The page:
Wallflowers and Wannabes

swirlMood: Sunday Night Blues
Drinking: Liquids Only

Boy and I were invited to a fabulous party last week. The invitation caught us in a good mood, so we RSVP-ed in the affirmative.

But the big night snuck up on us much too quickly and truth is, we’re rather out of practice at these things. We sat around eating chips and watching some TiVo-ed Dexter goodness and then suddenly realized we only had half an hour until show time.

That’s where all the flinging of clothing began, and not in a fun way. Boy was at his closet, tossing ties, and I was at mine rifling through dresses.

It took me four frocks, one broken zipper, and the sad realization that I am so over my once-beloved gothy platform boots (ah, the sticky club floors we’ve danced around) — until I finally fell back on the terribly unimaginative but ever faithful little black dress.

Boy, meanwhile, had settled on silver for his neckwear, and I shoved a matching silver doodad in my hair and off we went.

As parties go, this one was a success. I’ve been to a few shindigs in my day, from the raucous hootnanny with guests puking Goldschläger onto the front lawn to stuffy old-people affairs with unpronounceable wines and gropey senior partners. This one was somewhere in the middle.

Adults (mostly) behaved like adults, meaning there was no puking into potted palms and the butt grabs were kept to a minimum (I personally witnessed just one driveby cheek pinch). But the most interesting part was simply that I had a good time.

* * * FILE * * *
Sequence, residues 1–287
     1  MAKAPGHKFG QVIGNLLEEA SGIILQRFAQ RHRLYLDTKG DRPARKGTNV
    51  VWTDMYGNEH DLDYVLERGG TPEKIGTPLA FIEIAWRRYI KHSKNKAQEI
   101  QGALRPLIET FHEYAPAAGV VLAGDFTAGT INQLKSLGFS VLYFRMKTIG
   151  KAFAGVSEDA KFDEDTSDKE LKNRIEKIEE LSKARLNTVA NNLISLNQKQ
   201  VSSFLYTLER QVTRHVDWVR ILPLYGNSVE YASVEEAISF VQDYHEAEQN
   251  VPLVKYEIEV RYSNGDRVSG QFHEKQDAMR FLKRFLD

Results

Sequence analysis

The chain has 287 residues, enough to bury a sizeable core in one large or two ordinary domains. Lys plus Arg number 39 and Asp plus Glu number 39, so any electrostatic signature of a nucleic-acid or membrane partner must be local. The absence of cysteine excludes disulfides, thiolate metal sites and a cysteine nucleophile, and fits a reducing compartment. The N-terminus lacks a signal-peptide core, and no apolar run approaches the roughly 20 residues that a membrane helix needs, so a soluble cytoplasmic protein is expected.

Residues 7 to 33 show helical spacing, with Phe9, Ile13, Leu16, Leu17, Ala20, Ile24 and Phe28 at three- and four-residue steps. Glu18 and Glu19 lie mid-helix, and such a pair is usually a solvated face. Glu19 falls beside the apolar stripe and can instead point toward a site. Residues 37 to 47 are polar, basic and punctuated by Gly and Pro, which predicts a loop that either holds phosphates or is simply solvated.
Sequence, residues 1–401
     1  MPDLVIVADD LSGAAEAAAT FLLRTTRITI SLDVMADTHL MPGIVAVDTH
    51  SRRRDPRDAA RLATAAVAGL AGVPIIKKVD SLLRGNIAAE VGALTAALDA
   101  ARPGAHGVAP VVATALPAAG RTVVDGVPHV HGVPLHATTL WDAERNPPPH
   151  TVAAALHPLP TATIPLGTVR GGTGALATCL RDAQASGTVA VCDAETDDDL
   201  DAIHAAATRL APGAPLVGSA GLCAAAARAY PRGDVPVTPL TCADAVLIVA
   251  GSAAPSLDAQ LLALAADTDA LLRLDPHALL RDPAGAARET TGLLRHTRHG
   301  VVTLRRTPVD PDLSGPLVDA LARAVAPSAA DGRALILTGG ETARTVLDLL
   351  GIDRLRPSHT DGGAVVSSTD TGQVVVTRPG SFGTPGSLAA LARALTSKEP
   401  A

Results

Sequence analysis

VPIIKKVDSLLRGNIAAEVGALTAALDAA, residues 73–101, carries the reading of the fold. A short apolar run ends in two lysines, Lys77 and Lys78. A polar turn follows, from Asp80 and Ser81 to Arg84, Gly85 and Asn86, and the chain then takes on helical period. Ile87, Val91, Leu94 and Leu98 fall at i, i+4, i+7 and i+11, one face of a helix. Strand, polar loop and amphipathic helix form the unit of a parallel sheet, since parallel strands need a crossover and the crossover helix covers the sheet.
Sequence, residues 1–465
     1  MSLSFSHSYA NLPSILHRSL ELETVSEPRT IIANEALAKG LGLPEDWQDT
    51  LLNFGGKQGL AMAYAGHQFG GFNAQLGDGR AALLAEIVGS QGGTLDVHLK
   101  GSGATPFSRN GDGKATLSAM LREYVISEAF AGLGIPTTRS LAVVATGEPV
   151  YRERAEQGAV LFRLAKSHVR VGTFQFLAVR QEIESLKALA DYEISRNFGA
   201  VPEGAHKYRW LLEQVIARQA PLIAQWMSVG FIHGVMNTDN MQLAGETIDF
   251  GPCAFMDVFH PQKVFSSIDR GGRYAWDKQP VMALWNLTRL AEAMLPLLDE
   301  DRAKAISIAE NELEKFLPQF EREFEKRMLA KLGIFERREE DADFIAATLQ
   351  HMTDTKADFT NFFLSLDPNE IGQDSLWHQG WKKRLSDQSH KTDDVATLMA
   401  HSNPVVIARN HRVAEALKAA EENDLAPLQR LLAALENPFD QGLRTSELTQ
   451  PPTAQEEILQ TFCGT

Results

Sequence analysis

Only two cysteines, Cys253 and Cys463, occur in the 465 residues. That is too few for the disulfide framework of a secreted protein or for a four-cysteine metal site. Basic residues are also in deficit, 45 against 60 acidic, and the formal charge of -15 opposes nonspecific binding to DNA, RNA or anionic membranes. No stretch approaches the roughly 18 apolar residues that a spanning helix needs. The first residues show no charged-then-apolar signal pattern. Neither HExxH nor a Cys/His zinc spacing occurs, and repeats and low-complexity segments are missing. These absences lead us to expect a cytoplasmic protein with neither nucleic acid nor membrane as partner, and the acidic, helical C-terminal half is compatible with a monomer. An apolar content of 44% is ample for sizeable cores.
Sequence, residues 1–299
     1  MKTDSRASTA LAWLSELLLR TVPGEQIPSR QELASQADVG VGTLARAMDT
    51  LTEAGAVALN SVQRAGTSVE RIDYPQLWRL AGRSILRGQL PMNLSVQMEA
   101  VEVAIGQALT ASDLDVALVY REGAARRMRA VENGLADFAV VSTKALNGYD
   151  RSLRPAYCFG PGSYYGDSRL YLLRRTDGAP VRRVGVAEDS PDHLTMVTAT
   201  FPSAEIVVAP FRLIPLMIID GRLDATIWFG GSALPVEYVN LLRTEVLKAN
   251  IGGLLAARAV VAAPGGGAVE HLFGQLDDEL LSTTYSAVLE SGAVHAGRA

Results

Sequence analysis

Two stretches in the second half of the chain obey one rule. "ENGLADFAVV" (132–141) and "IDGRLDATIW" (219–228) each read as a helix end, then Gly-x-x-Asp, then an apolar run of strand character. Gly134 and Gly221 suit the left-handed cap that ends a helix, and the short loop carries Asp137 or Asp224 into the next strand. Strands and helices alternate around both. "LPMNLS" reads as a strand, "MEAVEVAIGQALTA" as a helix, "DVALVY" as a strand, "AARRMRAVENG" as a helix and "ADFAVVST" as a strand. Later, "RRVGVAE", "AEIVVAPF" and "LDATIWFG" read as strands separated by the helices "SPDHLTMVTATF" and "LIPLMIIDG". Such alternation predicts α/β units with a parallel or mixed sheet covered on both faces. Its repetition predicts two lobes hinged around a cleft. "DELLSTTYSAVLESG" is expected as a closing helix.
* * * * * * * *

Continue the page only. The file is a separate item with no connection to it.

I tend to be a wallflower at these things. Content to clutch my little glass of whatever in the shadows and watch. Once in a great while I’ll put on a little show in the limelight, especially if the party invitation said something about being my birthday.

But at this particular party, I didn’t have to hide or perform.

Boy and I and a few of our friends found a little table somewhere in the middle of things and settled in for some drinking (Boy) and some people watching (moi) and some extremely entertaining conversation.

All in all, I guess we could have stayed home in our holey jeans with our feet dangling over the armchair and had pretty much the same conversation, but there’s something much more subversive about doing it all dressed up, surrounded by strangers. (Plus, I don’t have a shiny Photo Booth at my house.)

Sometimes I wonder when I’m going to start feeling like an adult. Or, more acurately, feeling the way I always imagined adults felt. Most likely my imagination is the one at fault here, not my feelings. But at the party, sipping my amaretto sour and jangling all that jewelry, looking for all the world like a real adult, I still just felt like me.

And in my head, I’m still too young for all of this.

But the party goes on, dragging the years down with it and someday I’ll probably be 83 and wondering if I’m a real adult yet.

-Lo, whose mother always said there comes a time when a baby face is good to have.

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